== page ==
I can’t guarantee that everyone will actually enjoy the ride, at least not immediately. There’s a learning curve that can be quite frustrating to begin with, as suddenly the terrain is unfamiliar and the bike unforgiving. But give it some time, learn how the bike handles and how the ramps of a skate park or rollers of a pump track feel, and it’ll come good eventually, I promise. There’s few better feelings than the speed boost that a perfectly nosed-in landing on a jump box or well timed pump on a roller gives you on a BMX. With no suspension or soft and sticky rubber to rob you of your speed reward, you accelerate like you’ve hit a boost pad on Mario Kart. The first time you pull off a new move on a BMX often follows many attempts, either battling your head to overcome a mental block or figuring out the physics behind the move. When it “clicks” and you nail it, the sense of reward and satisfaction – and oftentimes relief – is truly awesome.
The lack of suspension on a BMX (or a very small amount on a DJ bike) keeps you honest. Instead of having a huge window on the landing where you can roll away comfortably thanks to suspension and tires that will soak up the impact, you suddenly feel a mild case or flat landing through your body and all the way into your soul. You’re then forced to reign in your landing zones from being precise to within a couple of feet of the “sweet spot”, down to a couple of inches. The improvements to your technique are compounded if you ride brakeless (which I’d highly suggest against to begin with) – you’re forced to hit the take off of a jump at whatever speed you’re at, and then force the bike to land on the landing by either squashing or boosting. Once you’ve honed in this precision, once you get back on the mountain bike you’ll undoubtedly ride smoother and more efficiently, and have learned how to boost higher and further than ever before.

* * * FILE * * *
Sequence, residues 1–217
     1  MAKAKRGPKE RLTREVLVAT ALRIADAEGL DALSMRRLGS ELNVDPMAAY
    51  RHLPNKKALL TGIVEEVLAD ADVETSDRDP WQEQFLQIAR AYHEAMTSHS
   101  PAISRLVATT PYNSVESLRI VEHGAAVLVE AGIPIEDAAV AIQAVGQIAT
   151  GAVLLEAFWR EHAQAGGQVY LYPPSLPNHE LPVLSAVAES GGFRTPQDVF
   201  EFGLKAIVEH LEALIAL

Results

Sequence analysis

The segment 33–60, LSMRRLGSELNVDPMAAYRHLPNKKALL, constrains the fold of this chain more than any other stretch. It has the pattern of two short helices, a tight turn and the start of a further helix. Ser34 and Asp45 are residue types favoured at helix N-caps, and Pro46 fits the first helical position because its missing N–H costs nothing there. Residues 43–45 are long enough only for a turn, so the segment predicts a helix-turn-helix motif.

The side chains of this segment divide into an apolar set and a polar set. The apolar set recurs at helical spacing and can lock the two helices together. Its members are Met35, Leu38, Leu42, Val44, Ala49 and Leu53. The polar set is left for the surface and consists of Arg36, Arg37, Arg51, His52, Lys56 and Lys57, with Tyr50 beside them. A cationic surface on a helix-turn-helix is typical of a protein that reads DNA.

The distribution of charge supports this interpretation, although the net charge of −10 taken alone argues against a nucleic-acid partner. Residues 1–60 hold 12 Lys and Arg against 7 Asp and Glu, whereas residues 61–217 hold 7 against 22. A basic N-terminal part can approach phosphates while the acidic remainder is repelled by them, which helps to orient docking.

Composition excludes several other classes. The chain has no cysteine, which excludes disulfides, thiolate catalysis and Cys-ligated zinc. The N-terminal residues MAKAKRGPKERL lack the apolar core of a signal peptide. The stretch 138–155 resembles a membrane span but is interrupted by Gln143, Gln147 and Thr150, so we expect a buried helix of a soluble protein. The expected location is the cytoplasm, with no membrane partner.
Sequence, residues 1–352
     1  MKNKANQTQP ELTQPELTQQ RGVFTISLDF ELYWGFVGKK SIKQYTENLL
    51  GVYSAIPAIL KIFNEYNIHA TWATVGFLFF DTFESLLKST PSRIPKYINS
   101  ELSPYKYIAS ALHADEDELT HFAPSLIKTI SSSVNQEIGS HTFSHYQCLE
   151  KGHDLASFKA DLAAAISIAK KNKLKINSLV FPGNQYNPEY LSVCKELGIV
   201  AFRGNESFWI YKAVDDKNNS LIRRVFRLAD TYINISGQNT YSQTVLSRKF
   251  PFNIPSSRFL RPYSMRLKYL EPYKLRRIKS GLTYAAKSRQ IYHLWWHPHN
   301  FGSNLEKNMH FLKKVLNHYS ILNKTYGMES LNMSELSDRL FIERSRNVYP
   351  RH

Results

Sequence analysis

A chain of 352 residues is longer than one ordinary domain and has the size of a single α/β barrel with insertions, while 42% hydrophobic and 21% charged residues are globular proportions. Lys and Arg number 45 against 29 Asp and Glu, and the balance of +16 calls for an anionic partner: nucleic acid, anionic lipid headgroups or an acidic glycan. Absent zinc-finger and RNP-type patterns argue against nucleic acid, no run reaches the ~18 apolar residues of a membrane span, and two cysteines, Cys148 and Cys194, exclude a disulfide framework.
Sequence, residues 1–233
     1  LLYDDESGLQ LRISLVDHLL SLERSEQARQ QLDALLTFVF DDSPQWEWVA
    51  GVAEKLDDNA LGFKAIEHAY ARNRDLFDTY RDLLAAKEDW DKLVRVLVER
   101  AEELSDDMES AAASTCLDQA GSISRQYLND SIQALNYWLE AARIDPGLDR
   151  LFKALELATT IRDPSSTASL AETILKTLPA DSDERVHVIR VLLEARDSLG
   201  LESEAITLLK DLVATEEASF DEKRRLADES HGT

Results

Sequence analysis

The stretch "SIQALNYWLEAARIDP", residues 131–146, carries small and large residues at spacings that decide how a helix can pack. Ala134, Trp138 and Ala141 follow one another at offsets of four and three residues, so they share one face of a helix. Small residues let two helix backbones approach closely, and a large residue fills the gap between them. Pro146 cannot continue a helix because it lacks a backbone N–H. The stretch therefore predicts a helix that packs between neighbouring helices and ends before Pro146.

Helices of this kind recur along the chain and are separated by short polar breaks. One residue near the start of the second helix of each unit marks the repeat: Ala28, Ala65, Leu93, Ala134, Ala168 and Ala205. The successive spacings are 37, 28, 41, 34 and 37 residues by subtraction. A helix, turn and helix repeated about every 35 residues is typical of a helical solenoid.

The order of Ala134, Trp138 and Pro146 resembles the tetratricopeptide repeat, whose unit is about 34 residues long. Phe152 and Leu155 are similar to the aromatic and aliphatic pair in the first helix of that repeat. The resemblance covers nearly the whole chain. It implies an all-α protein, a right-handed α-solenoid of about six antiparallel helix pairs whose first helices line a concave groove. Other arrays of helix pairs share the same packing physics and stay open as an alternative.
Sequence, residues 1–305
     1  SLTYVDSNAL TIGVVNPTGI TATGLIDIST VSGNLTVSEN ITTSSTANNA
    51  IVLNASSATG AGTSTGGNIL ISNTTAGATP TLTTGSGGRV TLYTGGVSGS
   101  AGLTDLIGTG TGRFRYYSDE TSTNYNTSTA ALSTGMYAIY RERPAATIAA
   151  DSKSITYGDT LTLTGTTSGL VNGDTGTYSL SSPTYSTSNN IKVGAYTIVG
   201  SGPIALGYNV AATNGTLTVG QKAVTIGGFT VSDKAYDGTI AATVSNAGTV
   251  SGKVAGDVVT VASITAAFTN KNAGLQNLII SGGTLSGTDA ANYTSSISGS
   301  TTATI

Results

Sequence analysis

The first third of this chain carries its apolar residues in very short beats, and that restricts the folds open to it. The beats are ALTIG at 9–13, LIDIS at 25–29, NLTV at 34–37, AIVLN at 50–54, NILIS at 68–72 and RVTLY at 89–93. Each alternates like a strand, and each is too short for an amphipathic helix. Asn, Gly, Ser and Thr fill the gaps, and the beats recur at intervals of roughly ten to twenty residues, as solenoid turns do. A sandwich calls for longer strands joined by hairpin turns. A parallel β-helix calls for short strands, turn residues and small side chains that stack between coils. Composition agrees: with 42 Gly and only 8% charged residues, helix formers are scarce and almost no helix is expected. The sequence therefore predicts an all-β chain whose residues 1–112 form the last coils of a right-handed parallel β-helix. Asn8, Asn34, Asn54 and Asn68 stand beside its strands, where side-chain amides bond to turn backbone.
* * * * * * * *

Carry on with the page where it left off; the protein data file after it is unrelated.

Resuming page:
Aside from the bike necessitating a more precise approach, the secondary benefit in terms of skills training is that skate parks and pump tracks are consistent environments. This means you can return over and over without a wide variation in how they feel, making it easier to get familiar through repetition. You don’t have to adjust to a blown out dusty (or more typically for me, ultra-slick and muddy) turn or braking zone, so the only thing that’ll change is you. Skate parks can be violent in the wet, and BMX components are poorly weather sealed, so it’s definitely a dry activity (hence why indoor skate parks are so good), ensuring the grip is always the same.